MADAME BOVARY'S OTHER DAUGHTER
— May 6, 1937
Day—day the Hindenburg burns near New York harbor—
Oh the humanity! and in St. Louis a baby born,
lusty and dark. The new mother, still drunk on gas,
looks across her hospital room, sees Emma Bovary in
a swagged gown and feathered bonnet reaching for the child.
The mother, breasts swollen, leaking, struggles,
"Mine," she says. "No, this one is ours," Emma replies.
"Belongs to us both." The mother, practical even when
drugged, struggles to sit, flings damp cotton balls
and sends a vial of boric acid splintering to the floor.
"You're nothing but paper," she says. "No second chances.
Go! No willing suspension of disbelief. . . . "
Baby—yet unnamed baby girl—blinks, kicks to unswaddle,
offers her two mothers a knowing, half-focused gaze.
— November 20, 1947
Princess Elizabeth is getting married, and the unmarried
St. Louis girl is pregnant. Well, she's tied the waist of
her practical mother's lace wedding coat high to emphasize
a hopeful belly. Emma, who's adopted the post-war
New Look, bums a smoke from the other mother, blows
rings, while laughing about their ten-year-old slut
at the wedding dress party. Emma, proud, is hoping for
a new translation, which will give her credit for how
she's shaping this young one to be not so St. Louie
but to pout and vamp and look about for a better deal.
"Men are such children. Playthings and bagatelles,"
she tells the lace-draped daughter, substituting a
Parliament for a candy cig. "Do as I do—forget babies.
Use your dark eyes. Gaze at men with fearless candor."
— October 4, 1957
A dog is up in space and Howl was declared an obscenity,
though Emma had memorized it before she opted for
the lower bunk in her daughter's dorm room. "Ask
your other mother for more allowance," Emma says.
"We need a stereo. Fox furs. A car would be nice.
Thunderbird—baby blue. And some Perrier-Jouët."
The St. Louis daughter has developed what shrinks call
Mother Deafness. She can no longer hear maternal pleas.
Besides, her midwest mother has withdrawn, golfs,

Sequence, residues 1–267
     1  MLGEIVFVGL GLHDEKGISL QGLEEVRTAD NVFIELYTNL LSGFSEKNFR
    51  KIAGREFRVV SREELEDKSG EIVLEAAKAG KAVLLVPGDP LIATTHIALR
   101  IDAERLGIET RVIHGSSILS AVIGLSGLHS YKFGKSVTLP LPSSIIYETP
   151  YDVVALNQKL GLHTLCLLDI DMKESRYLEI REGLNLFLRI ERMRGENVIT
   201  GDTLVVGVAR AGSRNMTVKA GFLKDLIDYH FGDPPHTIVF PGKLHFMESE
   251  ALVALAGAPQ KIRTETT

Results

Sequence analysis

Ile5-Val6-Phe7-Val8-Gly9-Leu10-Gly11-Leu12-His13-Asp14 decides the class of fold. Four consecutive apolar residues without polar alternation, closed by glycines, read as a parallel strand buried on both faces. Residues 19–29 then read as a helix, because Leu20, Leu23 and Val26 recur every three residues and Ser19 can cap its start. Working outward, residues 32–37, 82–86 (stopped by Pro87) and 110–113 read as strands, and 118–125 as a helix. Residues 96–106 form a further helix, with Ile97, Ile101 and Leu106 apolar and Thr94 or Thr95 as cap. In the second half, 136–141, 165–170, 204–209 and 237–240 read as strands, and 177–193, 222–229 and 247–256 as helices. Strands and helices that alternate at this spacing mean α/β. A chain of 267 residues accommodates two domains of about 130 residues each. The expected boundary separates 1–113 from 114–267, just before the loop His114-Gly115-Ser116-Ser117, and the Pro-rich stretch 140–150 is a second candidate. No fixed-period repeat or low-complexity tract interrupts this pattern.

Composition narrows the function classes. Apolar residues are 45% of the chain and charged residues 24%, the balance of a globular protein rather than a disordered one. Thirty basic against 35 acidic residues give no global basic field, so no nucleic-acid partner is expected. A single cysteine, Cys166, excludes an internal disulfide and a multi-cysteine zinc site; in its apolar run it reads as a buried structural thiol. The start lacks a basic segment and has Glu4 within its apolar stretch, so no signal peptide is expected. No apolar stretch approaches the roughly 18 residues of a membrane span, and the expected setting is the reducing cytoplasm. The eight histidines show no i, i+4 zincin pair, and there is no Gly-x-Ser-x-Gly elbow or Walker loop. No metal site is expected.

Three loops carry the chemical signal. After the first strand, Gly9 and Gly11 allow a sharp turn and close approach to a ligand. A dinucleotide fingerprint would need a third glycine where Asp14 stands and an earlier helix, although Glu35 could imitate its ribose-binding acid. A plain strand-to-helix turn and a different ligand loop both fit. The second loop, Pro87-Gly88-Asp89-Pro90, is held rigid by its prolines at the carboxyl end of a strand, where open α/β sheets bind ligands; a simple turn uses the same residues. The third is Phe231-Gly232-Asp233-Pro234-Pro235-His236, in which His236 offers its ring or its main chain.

plays bridge, is a woman who thinks she has a life.
Emma, unconcerned, is filling perfume flasks with cognac.
As long as her girl is a siren, who can find love, keep it,
she will not have to worry, like Emma, that the best minds
of her generation have been destroyed by madness.
—July 3, 1967
Detroit, birthplace of Emma's daughter's husband,
is rioting and burning. "And what have you done with
your life?" Emma asks. "Bourgeois husband, bourgeois
babies. Aren't you burning?" Emma says love is never
found in marriage. Her girl-woman must look elsewhere
for excitement. Enter Berthe, unbuttoning. "Who
is she?" the daughter asks. "And why's she here?"
"The girl I left behind," Emma answers slyly.
"Berthe—don't we look like sisters—can play piano
and embroider slippers. Here for your husband.
And if he does, you can. But be sure to ask for a ring."
The housewife daughter folds laundry, chops onions,
swabs fingerprints from the wall. "No effing way," she
tells Emma." A lover will only be one more needy husband."
— August 16, 1977
Elvis is dead. Long live The King. St Louis Daughter has
become a poet, spends time in a hidden garret with
a man to whom she is not married. Emma, though, has
lost interest. That man has no money, can't provide
Emma with any of the luxuries she craves. Weed and
blow cost. So do couture clothes. Berthe, too.
She's a high-priced call girl now, but the money goes to
her pimp. Emma's daughters are failures, while
she's in debt again. America is a pit of uncivilized Yahoos
who corrupt everyone. Sex in a garret is not sex.
The newest translation is useless. It doesn't do justice
to her finer points. Delicately, she sniffs up
one more white line. "Now take my hand," Elvis tells her.
"Take my whole life, too. 'Cause. . . I can't help. . . ."
—October 19, 1987
The stock market is crashing, and Andy Warhol died
before he could frame Emma in a triptych,
so she decamped for Ry to look for Léon or Rodolphe.
American life has not been fulfilling. Even Charles
might be all right for a while. Her daughters are both
bores. "Children," she tells herself, "are not assets
but asses and liabilities." Her creditors will never find
her in Ry. Her old wardrobe and follies await,
though they may need new ribbons and furbelows.
M. Lheureux—Mr. Happy—may need to be happied.
Hope springs eternal. La vie en rose awaits. Celibacy is
bad for digestion and for the complexion. Emma, unlike
her middle-aged children, hasn't aged, and by moonlight
in the garden, she'll physic herself with love.
— August 31, 1997
A comet has passed through the skies, and Princess Diana
was killed in a car crash in Paris. Emma would have
liked being shacked up at the Ritz with Dodi Fayad, since
he was so rich. But she would have insisted on marriage,
so she could inherit and pay off her debts. "Life is
the shits," Emma declares again and again. Both Berthe
and the St. Louis bitch have sent their offspring to Ry,
so Emma's translation of Flaubert is spoiled by seven
dei ex machina—her descendants—a denoument for which
she is ill-suited. She rings for Félicité, but the wretch
never shows. Léon, damn him, is captivated by
one granddaughter, and Rodolphe gave a ring with
Amor nel cor to another. Life is not fair. Not worth it.
"I wonder," she asks herself, "if I can kill myself again?"